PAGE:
In Russell Hill’s The Egret, a grieving father wreaks vengeance on the hit-and-run driver who caused his daughter to die. This father, never named in the book, begins stalking the uber-rich and conscienceless Earl Anthony Winslow. As the tension escalates, so do the attempts on Winslow’s life, moving up from a gunshot to a poisonous snake bite to a Molotov cocktail and even to a hastily assembled IED. Although the book is deadly serious, this escalation of violence is faintly reminiscent of Wile E Coyote’s constant attempts to kill the Road Runner. Winslow somehow survives everything the grieving father throws at him, although several bystanders aren’t as fortunate. The father sees himself as an egret: patient, and deadly. Finally confronting his daughter’s killer, he says, “There’s a bird that is a stalker. It moves silently and when it finds the thing it wants to eat, it remains motionless until the thing is right where it wants it and then it strikes. Right now I have you right where l want you.” It isn’t the final act of revenge itself that makes this 161 page novella so fascinating, it’s the look deep inside the mind and soul of a man who compares himself to a bird. Author Russell Hill likes birds. He is best known for the magical realism of The Lord God Bird, in which two teens taking refuge in the Great Dismal Swamp encounter a bird long thought to be extinct. In that book, Hill visualized the ivory-billed woodpecker as ecology’s bellwether: learn or die. In this deftly handled novel, an egret delivers a lesson on how to kill. – Betty Webb, Mystery Scene Magazine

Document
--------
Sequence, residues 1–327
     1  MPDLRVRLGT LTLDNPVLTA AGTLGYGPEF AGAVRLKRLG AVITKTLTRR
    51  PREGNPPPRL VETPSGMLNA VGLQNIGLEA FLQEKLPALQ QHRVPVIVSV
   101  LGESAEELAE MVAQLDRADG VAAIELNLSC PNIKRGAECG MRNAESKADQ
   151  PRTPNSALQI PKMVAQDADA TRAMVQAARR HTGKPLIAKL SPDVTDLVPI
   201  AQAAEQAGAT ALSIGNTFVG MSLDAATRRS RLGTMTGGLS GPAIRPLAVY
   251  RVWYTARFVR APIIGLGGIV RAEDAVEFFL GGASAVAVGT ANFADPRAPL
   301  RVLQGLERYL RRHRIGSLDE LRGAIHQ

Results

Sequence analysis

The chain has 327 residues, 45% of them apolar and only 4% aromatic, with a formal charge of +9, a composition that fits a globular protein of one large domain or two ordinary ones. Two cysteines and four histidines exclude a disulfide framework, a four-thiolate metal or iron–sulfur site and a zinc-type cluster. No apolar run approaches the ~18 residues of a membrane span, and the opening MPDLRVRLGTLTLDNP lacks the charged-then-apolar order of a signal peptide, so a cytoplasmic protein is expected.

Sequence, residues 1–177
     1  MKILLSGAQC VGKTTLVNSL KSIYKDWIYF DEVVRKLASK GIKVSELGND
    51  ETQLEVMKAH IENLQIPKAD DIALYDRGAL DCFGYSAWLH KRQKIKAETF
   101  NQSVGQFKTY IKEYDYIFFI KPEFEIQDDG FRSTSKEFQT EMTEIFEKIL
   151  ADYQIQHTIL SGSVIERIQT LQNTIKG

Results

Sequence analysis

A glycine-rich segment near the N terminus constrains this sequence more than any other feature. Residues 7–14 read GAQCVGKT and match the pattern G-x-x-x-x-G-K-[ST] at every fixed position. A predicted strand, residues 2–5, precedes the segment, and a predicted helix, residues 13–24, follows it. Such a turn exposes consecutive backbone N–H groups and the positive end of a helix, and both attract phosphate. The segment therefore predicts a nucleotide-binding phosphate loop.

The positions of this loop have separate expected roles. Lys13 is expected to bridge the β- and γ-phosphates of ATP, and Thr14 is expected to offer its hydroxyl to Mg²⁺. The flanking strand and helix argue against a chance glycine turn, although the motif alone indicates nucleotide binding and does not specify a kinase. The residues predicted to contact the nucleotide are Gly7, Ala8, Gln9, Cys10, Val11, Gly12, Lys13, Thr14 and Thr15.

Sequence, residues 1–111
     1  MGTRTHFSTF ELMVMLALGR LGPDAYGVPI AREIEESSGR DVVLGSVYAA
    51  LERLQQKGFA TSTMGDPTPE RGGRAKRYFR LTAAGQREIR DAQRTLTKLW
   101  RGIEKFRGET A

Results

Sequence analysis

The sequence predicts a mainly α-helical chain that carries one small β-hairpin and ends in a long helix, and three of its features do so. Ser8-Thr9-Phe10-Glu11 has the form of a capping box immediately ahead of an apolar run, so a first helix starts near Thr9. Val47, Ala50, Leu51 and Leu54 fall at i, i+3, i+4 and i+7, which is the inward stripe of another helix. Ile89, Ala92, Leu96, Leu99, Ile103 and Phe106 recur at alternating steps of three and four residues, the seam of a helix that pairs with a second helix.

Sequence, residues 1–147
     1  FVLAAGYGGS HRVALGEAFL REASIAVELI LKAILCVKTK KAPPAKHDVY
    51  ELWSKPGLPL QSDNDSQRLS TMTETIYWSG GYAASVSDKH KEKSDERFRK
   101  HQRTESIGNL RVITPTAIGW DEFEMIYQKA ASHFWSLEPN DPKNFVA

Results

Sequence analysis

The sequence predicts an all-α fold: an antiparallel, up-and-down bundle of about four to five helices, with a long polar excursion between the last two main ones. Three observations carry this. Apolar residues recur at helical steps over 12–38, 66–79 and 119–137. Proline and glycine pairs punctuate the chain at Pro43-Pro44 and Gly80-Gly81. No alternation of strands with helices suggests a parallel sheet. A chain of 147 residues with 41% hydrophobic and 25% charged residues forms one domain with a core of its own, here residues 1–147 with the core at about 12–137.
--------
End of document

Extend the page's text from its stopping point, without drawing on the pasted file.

I was so engrossed by The Egret that I read it in one straight sitting. It’s brilliant, concise, poetic, gritty and deceptively simple with all the dark undercurrents of anger and nostalgia. – Max Jourdan, London filmmaker
In his novella, The Egret, science fiction writer turns to realistic—all too realistic—fiction. In this suspense tale, Hill writes in a lean, mean prose style that I associate with some of my favorite writers, including those household names of fame, Chandler and Hemingway….I also admire Hill’s use of a daring device–1st person POV, where it becomes ominously more and more clear the narrator, who has suffered what he believes is a terrible injustice, may not survive his obsession with revenge, that his elaborate plans to get even may end in ways he did not foresee. – Edward Harkness, The Law of the Unforeseen, Beautiful Passing Lives & Saying the Necessary
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